Leap Year Tradition

Is there a tradition 100 years later?
Anjana Basu gives us feminist insights on this quadrennial event.

Post Card dated 1908 about Leap Year

February 29 falls once every four years, offering a unique phenomenon on the calendar. During the early 20th century, Leap Year held significance beyond the addition of an extra day, providing an opportunity for women to propose marriage to men throughout the entire year, not just on Feb. 29. 


The origins of this tradition remain uncertain, with historian Katherine Parkin from Monmouth University suggesting it may have its roots in Irish or Scottish folklore. In 1908, Leap Year postcards emerged depicting women seeking husbands in a threatening, masculine and violent light, while portraying men as scared, small and emasculated. 

Three Illinois municipalities marked leap day by appointing women to their city councils. From 1932 to 1980, Aurora, along with the neighbouring towns of Joliet and Morris, opted for an all-female line-up in their city council, police force, and firefighting teams on February 29. However, the primary goal of these women was lighthearted – they aimed to humorously apprehend, imprison and fine unmarried men, all in good fun as part of the leap day festivities. The agenda behind it was of course marriage and it was founded entirely on a sexist stereotype — that the only possible use a woman could have for political power would be to flirt with unmarried men. 

Despite Leap Year’s potential to challenge traditional gender roles, it ended up reinforcing them. Women proposing marriage were scorned and ridiculed for challenging male privilege. This, along with other instances of women challenging societal norms, taught them that seeking rights threatened those in power. Ultimately, the Leap Year custom contributed to maintaining male dominance in matters of matrimony.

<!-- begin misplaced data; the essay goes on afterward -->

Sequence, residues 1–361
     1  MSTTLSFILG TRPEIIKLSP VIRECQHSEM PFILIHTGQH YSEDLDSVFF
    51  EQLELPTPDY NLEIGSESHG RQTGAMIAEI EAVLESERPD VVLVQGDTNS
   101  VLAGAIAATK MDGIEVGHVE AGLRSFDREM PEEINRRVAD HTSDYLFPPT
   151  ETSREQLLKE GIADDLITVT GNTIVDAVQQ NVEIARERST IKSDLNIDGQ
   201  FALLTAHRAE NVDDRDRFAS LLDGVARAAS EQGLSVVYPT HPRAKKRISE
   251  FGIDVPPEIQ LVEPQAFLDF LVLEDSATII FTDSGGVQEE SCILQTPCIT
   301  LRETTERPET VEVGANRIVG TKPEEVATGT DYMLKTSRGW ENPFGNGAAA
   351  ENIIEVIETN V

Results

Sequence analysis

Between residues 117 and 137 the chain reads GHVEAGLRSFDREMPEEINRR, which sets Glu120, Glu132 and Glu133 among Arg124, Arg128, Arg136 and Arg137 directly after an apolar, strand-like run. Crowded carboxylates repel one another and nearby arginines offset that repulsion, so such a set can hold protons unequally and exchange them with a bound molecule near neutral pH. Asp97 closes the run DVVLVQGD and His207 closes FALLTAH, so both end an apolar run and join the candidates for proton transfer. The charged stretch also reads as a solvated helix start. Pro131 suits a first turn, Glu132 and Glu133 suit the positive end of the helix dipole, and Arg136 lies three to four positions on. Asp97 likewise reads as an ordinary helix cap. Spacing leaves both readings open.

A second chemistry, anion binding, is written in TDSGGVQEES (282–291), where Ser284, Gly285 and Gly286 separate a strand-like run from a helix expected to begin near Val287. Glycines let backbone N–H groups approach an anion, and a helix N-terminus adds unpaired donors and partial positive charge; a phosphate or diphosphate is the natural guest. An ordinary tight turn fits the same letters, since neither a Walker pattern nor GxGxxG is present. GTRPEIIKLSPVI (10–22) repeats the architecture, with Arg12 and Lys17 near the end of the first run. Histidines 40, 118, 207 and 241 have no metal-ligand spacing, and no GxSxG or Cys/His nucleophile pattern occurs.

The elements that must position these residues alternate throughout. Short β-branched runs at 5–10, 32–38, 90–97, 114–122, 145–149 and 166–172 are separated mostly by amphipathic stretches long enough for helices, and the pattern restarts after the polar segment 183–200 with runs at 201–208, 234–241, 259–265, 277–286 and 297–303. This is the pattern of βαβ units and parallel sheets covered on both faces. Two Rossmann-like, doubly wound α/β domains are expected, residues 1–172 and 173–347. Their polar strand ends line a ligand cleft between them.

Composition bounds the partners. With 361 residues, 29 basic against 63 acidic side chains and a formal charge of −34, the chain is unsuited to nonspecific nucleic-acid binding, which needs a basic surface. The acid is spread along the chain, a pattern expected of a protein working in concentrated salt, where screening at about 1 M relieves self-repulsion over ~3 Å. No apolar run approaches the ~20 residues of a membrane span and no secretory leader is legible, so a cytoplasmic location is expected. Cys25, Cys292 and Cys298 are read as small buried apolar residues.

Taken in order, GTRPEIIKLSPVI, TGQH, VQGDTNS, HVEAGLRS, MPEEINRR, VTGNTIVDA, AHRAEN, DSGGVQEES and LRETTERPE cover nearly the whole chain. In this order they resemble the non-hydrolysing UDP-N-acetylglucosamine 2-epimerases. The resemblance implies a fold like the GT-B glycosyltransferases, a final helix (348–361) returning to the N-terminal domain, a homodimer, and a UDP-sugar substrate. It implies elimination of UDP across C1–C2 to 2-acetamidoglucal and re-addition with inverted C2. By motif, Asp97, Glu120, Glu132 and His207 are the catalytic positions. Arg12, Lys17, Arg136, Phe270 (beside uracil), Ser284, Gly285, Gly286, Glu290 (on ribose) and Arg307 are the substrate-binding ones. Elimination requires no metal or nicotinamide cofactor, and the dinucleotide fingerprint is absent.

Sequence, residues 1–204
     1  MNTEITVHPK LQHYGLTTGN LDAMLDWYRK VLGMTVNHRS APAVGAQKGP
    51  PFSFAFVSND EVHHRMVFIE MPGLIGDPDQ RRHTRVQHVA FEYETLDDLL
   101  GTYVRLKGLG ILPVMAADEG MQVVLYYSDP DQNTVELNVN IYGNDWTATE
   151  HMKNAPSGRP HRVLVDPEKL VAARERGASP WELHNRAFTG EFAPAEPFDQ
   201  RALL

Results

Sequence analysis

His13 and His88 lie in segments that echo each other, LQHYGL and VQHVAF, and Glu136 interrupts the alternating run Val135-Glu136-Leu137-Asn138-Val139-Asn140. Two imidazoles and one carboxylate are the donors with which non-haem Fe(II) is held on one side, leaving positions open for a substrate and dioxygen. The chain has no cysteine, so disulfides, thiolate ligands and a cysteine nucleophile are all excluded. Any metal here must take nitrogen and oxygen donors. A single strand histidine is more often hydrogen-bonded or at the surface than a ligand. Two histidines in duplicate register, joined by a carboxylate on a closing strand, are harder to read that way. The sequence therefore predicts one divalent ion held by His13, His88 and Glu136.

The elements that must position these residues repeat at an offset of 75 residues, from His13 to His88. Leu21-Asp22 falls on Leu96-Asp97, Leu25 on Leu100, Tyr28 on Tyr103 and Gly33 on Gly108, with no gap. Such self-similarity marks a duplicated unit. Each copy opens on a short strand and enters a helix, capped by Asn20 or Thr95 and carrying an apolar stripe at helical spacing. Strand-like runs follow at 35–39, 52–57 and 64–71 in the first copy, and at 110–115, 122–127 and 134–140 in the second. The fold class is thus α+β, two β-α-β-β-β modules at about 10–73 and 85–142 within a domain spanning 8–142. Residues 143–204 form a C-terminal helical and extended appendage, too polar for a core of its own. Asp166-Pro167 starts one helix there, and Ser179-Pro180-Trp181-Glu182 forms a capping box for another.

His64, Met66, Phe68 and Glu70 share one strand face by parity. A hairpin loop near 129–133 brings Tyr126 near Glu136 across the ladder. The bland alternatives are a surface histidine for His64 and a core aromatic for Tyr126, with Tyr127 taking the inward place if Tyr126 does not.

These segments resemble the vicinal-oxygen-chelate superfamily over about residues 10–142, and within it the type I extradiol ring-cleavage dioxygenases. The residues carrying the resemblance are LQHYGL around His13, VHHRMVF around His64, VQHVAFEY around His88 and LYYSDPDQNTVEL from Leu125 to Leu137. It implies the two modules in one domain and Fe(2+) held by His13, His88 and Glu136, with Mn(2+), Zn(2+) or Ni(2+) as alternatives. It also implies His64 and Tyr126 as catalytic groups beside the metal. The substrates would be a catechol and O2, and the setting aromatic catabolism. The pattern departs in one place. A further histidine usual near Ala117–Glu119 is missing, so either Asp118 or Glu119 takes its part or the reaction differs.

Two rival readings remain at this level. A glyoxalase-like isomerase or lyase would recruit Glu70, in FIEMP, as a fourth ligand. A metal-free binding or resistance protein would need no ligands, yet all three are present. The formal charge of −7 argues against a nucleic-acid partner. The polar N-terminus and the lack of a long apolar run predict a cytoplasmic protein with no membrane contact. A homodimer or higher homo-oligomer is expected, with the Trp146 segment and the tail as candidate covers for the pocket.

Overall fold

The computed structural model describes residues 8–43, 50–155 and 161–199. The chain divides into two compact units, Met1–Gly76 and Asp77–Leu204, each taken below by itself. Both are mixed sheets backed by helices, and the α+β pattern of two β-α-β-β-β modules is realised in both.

A century later, one can see little change. Women proposing marriage to men are still regarded with suspicion, though invitations to dates are allowed, and there is a trend for marriage proposals becoming more traditional over time. 

In another manifestation of traditionalism, the practice of grooms seeking permission from their in-laws before proposing has seen an increase in recent years. The aversion to women-initiated proposals may be linked to broader societal discomfort with changing gender dynamics, as proposals traditionally imply the provider role, reinforcing outdated notions. 

Even as 38 per cent of heterosexual marriages see women earning more than men, societal norms surrounding economic dynamics may be hindering the evolution of romantic proposals, keeping them rooted in the past. 


One Response

  1. Some might read this and ask, what is it doing on a feminist website? Is it only fluff? This opinion piece has serious things to say about the status of women and their role in male-female relationships not having evolved that much over the decades. Also the lost opportunity for women in power when their appointment to City Council, Fire and Police Departments, things that are only now becoming commonplace, was not taken advantage of when the opportunity presented itself.
    It is quite likely that the men choosing women for those one-day positions were careful not to appoint any women’s rights advocates and women taking part in the pseudo-appointments had few if any feminist ambitions. Even if they had tried in some small way to improve women’s access to power, they understood that anything they did while “in office” would be undone immediately on March 1st.

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